In 2011, the Governors Highway Safety Association issued its annual national motorcycle accident report, as well as the agency's recommendations on what states can do to reduce motorcycle crash fatalities. The most effective way to prevent motorcycle accident deaths, the report found, is to enact a universal motorcycle helmet requirement. Currently, only 19 states have such a law in place. In Pennsylvania, only motorcyclists under the age of 21 or those who have been riding for two years or less are required to wear a helmet.
But are helmets really the most effective way to prevent motorcycle accident fatalities? Some experts are not so sure.
In a recent article in the Erie Times-News, Pennsylvania coroner Lyell Cook said that helmets only offer real protection from injury and death in low-speed crashes. If a motorcyclist is driving faster than 30 miles per hour at the time of the crash, a helmet probably will not save his or her life or prevent serious injury.
This is because most motorcycle accidents result in the motorcyclist being thrown from the bike, due simply to the nature of the vehicle. The force of these ejections often cause a broken neck, broken back and similar injuries that can cause death regardless of whether the motorcyclist suffered a head injury in the crash. And bikers who do not suffer immediately fatal injuries are at an increased risk of death from blood clots, sepsis and other potentially life-threatening complications that commonly result from motorcycle accident injuries.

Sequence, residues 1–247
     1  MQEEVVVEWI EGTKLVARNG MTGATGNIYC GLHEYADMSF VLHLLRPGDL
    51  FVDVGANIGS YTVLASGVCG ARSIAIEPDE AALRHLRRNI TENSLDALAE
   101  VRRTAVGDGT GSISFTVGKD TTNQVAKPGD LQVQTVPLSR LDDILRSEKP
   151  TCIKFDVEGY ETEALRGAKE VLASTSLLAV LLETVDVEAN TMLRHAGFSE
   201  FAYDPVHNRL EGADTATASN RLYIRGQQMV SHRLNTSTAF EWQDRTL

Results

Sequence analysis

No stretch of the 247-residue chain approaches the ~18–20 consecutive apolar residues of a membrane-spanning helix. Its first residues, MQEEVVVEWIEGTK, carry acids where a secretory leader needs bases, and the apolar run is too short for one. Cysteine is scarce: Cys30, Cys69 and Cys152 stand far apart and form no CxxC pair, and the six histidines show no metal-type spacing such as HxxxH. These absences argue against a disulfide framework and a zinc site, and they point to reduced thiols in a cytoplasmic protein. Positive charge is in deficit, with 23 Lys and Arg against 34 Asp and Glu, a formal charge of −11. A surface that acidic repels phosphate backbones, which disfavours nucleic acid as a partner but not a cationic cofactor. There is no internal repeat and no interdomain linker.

So does this mean that motorcyclists should not wear helmets? Of course not. It just means that they need to be aware of and take every possible step to prevent the other potential risks that are often inherent to motorcycling.
Source: Erie Times-News, "Motorcycle fatalities up in Erie County in 2012," Ron Leonardi, Oct. 25, 2012